Congressman Hank Johnson attends the 2012 Caring for Congo gala at the ST Regis Atlanta in Atlanta, Ga., on April 28, 2012.
Moses Robinson—WireImage
By Rabbi David Wolpe
July 26, 2016
IDEAS
David Wolpe is the Max Webb Senior Rabbi of Sinai Temple in Los Angeles.

On Monday a Democratic U.S. congressman said that Jewish settlers in Israel were “like termites.” Now, you might be tempted to not take Rep. Hank Johnson from Georgia seriously if I explain that this is the same congressman who expressed a fear in 2010 that the island of Guam might capsize if it were overpopulated. But he is on the House Armed Services committee. And a penchant for foolish statements does not excuse an anti-Semitic smear.

Apparently he apologized. Or did he? This was his tweet: “@ADL_National Poor choice of words – apologies for offense. Point is settlement activity continues slowly undermine 2-state solution.” The Anti-Defamation League tweeted back that they “appreciate” his clarification. That would have been far more convincing had the congressman apologized, but he did not. To apologize for “offense” is to say you are sorry that someone else feels the way they do. That is not an apology. “I am sorry I said something stupid and anti-Semitic”—that would have been a fitting apology.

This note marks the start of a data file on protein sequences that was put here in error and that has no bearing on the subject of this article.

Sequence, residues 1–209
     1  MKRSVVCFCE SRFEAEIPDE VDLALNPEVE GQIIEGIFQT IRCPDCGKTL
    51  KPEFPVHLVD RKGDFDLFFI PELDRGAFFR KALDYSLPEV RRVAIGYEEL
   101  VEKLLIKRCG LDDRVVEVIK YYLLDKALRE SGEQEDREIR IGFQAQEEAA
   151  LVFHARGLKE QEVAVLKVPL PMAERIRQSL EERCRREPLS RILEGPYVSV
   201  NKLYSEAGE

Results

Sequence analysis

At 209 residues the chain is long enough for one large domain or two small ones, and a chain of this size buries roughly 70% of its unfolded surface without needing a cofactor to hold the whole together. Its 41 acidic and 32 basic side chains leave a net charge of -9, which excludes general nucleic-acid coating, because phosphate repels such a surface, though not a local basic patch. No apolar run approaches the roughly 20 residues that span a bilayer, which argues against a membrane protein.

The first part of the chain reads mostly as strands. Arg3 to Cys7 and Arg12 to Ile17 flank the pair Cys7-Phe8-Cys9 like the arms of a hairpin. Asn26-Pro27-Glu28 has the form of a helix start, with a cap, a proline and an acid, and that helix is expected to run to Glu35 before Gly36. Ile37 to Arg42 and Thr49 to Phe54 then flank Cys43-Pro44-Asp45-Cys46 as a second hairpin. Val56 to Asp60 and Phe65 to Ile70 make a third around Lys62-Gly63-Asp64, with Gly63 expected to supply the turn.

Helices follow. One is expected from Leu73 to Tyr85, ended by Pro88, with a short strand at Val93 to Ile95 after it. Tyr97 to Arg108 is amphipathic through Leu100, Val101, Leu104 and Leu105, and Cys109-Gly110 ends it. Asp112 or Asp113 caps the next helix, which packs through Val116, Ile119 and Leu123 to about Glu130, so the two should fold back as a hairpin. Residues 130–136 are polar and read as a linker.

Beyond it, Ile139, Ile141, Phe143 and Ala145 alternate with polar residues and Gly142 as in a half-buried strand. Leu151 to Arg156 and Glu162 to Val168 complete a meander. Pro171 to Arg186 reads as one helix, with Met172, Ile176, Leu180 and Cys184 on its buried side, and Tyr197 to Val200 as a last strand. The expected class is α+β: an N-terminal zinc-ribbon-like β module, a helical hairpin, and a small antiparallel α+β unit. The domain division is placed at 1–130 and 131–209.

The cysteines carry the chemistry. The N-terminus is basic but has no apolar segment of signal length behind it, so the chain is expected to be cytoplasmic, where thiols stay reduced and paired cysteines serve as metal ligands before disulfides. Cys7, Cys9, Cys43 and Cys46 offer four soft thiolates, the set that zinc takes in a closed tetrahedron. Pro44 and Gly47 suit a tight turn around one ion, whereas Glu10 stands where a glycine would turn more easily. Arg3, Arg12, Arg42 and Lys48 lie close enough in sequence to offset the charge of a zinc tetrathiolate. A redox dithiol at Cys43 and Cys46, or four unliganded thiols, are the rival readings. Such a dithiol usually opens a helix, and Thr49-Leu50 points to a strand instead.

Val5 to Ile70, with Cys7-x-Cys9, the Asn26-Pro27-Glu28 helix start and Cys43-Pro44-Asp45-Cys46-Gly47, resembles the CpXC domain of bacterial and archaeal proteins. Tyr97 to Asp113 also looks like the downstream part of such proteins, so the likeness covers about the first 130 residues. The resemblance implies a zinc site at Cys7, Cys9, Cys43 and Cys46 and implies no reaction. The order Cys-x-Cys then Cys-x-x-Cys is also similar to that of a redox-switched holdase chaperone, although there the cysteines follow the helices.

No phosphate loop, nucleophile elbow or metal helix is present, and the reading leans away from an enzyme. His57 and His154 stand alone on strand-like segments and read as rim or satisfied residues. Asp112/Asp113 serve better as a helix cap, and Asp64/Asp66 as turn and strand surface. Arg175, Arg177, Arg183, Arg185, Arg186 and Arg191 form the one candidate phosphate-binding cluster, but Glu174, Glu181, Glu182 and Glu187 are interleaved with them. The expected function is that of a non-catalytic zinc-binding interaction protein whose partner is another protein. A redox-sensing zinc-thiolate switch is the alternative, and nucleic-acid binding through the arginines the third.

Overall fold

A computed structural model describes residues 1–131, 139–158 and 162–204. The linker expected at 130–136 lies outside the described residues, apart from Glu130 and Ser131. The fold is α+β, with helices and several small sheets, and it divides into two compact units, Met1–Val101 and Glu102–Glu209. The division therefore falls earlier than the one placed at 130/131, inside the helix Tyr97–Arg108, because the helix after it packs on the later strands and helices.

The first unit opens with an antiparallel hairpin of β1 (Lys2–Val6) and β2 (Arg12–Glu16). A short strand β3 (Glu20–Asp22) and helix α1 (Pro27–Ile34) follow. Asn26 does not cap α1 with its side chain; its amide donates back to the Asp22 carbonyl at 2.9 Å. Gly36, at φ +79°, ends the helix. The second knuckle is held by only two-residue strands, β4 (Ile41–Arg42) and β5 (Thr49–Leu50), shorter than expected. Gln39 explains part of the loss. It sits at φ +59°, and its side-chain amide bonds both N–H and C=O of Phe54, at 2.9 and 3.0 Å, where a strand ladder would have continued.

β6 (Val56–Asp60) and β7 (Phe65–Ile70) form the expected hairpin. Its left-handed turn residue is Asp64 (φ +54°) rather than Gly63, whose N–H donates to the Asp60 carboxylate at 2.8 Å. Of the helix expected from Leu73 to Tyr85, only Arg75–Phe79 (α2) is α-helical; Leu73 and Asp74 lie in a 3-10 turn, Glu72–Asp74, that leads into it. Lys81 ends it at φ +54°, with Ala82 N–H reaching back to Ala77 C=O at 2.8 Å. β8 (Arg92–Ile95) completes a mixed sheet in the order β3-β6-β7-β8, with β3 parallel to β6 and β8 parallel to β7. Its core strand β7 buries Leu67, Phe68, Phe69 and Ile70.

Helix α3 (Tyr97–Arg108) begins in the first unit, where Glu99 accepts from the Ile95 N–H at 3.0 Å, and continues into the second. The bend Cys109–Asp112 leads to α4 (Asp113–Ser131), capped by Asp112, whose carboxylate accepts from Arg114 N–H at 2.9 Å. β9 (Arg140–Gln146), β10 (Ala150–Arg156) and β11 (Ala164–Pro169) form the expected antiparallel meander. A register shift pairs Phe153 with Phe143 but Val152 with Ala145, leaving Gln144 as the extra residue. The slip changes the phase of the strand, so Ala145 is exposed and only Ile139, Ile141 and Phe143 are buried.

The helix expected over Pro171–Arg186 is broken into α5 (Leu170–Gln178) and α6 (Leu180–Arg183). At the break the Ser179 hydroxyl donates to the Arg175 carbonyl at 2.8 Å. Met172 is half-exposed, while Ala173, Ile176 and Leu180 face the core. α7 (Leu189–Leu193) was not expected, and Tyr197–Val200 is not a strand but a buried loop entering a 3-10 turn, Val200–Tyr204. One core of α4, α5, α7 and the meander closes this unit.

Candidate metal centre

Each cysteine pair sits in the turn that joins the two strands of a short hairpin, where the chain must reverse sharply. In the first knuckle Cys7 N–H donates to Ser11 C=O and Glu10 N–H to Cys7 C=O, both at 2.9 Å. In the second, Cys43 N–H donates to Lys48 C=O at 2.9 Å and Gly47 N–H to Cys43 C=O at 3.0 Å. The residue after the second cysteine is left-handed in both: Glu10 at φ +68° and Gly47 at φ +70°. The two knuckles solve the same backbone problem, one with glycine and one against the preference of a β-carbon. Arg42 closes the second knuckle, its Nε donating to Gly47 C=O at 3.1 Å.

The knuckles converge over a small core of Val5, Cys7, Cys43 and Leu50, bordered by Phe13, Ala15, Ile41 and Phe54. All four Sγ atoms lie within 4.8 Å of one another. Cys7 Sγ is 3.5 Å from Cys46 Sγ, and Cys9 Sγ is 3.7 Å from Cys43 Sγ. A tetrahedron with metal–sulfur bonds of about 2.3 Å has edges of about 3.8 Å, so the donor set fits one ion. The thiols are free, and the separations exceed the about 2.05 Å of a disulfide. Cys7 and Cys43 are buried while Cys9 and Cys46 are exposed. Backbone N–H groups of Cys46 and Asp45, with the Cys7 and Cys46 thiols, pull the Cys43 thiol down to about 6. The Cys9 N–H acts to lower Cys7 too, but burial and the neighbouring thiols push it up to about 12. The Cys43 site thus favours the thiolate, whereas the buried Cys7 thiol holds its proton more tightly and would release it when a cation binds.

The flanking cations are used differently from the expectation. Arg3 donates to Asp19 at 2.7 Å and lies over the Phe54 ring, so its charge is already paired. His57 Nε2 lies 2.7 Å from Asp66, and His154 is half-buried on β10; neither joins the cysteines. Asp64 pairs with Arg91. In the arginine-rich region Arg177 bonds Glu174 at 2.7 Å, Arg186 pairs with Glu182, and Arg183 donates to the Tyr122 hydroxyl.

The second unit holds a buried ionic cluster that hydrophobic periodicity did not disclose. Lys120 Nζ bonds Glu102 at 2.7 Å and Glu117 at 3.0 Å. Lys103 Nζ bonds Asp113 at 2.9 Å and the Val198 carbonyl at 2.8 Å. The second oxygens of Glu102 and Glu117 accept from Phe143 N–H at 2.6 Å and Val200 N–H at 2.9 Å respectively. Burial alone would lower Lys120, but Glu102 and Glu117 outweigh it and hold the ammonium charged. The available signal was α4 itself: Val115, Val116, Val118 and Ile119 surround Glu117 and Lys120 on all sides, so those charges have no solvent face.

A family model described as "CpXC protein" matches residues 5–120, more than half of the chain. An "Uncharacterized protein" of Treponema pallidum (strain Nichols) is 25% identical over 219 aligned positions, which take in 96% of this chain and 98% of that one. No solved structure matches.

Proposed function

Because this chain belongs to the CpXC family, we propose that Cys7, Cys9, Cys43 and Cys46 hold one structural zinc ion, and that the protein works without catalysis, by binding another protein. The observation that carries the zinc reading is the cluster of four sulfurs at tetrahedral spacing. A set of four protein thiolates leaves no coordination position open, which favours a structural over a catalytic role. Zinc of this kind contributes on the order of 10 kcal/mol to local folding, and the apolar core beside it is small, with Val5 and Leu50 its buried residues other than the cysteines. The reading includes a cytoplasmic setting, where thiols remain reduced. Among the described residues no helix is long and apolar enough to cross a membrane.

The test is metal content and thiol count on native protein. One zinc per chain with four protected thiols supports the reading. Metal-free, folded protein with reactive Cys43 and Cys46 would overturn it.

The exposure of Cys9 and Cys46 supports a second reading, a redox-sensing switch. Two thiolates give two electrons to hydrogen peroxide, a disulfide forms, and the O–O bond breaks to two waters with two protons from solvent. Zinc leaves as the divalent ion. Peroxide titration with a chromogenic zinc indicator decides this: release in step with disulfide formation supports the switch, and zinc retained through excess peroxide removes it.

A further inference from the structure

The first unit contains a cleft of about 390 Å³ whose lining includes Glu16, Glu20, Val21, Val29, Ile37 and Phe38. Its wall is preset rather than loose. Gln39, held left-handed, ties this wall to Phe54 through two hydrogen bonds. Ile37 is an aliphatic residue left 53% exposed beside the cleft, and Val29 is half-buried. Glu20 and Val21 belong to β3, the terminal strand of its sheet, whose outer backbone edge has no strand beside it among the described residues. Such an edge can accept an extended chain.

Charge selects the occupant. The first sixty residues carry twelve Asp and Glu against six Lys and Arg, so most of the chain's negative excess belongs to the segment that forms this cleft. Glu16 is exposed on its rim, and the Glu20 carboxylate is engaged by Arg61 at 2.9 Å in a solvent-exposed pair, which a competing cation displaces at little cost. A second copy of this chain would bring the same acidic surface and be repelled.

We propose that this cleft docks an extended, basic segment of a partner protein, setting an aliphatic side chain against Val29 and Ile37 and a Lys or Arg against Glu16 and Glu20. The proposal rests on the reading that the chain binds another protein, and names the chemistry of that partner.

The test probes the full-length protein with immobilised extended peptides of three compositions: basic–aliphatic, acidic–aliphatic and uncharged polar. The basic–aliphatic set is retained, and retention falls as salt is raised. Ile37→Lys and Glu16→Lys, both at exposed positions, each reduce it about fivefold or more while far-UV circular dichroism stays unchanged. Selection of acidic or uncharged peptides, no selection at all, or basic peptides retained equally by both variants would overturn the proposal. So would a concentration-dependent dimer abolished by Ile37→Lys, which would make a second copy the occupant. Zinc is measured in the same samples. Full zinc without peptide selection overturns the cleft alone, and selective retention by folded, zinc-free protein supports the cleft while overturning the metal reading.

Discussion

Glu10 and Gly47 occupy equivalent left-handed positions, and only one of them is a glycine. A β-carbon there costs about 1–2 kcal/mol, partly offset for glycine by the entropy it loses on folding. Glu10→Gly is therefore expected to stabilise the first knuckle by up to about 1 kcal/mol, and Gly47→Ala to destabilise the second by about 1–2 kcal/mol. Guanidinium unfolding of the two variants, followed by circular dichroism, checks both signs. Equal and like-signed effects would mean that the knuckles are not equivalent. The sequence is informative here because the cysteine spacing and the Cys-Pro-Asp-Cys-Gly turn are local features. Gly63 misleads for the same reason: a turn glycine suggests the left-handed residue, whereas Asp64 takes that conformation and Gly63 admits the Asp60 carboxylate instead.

These are not trivial issues. We are a half century away from millions of human beings who were designated as “vermin” and killed. When people say the Nazis “exterminated” Jews they unwittingly appropriate this insect metaphor. To call Jews “termites” is base and vile.

Imagine for a moment that someone were to say: “The Black Lives Matter movement are like termites undermining American democracy.” The outcry would be loud and long, and entirely justified. If the apology were as equivocal and insufficient as the congressman’s, you can bet the polemicists would be out with their sharpest knives.

You don’t know a good person by the fact that they never say anything objectionable. Everyone in the public eye, used to speaking rivers of words, will choose badly at times. While it is true that not everyone will make a racist, sexist or anti-Semitic remark, we can try to be generous and allow some leeway. But a good person will be horrified when they realize what they have said. They will not apologize for someone else’s taking offense, but for their own insensitivity and cruelty.

That is what the congressman should have done. That is what he, pointedly, did not do.

Draw your own conclusion.

Contact us at editors@time.com.

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